Design can make a product’s end-life more sustainable in several ways. The first is to develop products that last longer. Durable products are replaced less frequently and can be refurbished–giving them a second life and postponing their trip to the landfill.
Another approach is to design for disassembly. Products that are easy to take apart are easier to sort into smaller pieces, which encourages a larger percentage of the product to be recycled. We have developed a set of Design for the Environment protocols that try to accomplish both of these goals. The degree of our success varies, but the lifecycle of our products, from beginning to end, is always on our minds. Check out Taking It Back, a great article about companies working toward better sustainable goals.
Gianfranco Zaccai pretends to be a lot of things: Chinese parent, a basketball player, and a child with diabetes to name a few. When asked to work on a healthcare project, Zaccai and his team at Continuum, the design consultancy he co-founded, built a fake hospital room and pretended to be hospital patients. Why? “To empathize,” replied Zaccai in a recent Wall Street Journal article.
Zaccai isn’t interested in producing a “better” healthcare product—his goal is to create a better healthcare experience. Which is exactly what he and Continuum achieved in the Compass modular furniture system for Herman Miller Healthcare. More than 550 clinicians, hospital administrators, architects, and designers were interviewed to find the most important unmet needs in how patient and exam rooms are designed now. The result was a deep understanding of what makes a better experience for everyone involved: the patient, the caregiver, the family, and the administrator. Because, as Zaccai says, “The opportunity for innovation is finding the sweet spot where needs overlap.”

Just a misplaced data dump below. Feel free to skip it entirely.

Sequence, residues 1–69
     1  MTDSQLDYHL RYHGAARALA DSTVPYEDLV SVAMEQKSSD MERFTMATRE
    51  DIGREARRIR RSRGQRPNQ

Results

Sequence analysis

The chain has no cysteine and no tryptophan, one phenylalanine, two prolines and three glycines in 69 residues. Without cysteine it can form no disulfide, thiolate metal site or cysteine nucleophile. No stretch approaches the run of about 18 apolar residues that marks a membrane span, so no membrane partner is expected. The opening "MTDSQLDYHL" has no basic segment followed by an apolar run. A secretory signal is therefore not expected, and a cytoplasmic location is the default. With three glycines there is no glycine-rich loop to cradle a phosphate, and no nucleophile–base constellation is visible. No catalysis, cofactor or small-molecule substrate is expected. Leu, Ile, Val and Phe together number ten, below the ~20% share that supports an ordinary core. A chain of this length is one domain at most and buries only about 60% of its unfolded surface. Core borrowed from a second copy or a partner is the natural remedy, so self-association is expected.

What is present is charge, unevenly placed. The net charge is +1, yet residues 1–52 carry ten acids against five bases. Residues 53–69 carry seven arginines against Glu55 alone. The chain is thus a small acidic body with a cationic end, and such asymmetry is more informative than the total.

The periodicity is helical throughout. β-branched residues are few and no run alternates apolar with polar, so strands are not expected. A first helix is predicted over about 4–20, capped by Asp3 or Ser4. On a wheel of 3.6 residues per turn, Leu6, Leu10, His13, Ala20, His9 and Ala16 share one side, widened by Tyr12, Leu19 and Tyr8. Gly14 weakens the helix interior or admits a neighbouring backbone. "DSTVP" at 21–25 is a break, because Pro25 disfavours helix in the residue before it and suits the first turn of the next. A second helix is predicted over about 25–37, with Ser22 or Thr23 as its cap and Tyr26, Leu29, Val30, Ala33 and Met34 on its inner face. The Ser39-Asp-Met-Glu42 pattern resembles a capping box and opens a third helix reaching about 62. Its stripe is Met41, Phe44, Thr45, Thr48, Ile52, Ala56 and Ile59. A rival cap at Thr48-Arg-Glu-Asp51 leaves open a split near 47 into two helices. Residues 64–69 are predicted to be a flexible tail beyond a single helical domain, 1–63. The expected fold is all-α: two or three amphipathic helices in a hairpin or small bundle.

Long before transforming into Los Angeles’ first LEED CI Platinum building, our showroom had a past. Located in Culver City, the building began its life as a cloth diaper manufacturer in the mid 1950’s. As the area changed and manufacturing left, the building lay unused until a becoming a warehouse for mens’ suits in the 1980s.
When Herman Miller purchased the building in 2007, the there were few people who questioned the decision. In order to meet our environmental standards, both the structure and the interior required extensive renovation. Design by TVS Design, 20 percent of all materials used were made with 500 miles of the site, and 85 percent of all construction was recycle and diverted from the landfill. These, among many other efforts, resulted in the building being honored with LEED Gold certification and the interiors with Platinum–the first, and still only, Platinum commercial interior in LA.
Finnish material specialists, Ore. E. Refineries, recently caught our attention with their post on the how-to website Instructables entitled, How Not To: Design a Chair. A title guaranteed to pique our interest because we think hard before we design a chair. The post is a challenge to designers to refrain from designing chairs in 2012.
The guys as at Ore. E. Refineries raise some great points, namely that there are a lot of chairs in the world. They ask us to rethink the meaning of sustainable design and suggest repairing old chairs. So why did they create a how-not-to? Wouldn’t a call to action be more powerful that a call to non-action? Engage designer to use their talents to creating “new” chairs from old chairs, or perhaps a how-to on repairing old chairs would have been useful. Positive challenges will lead to positive outcomes.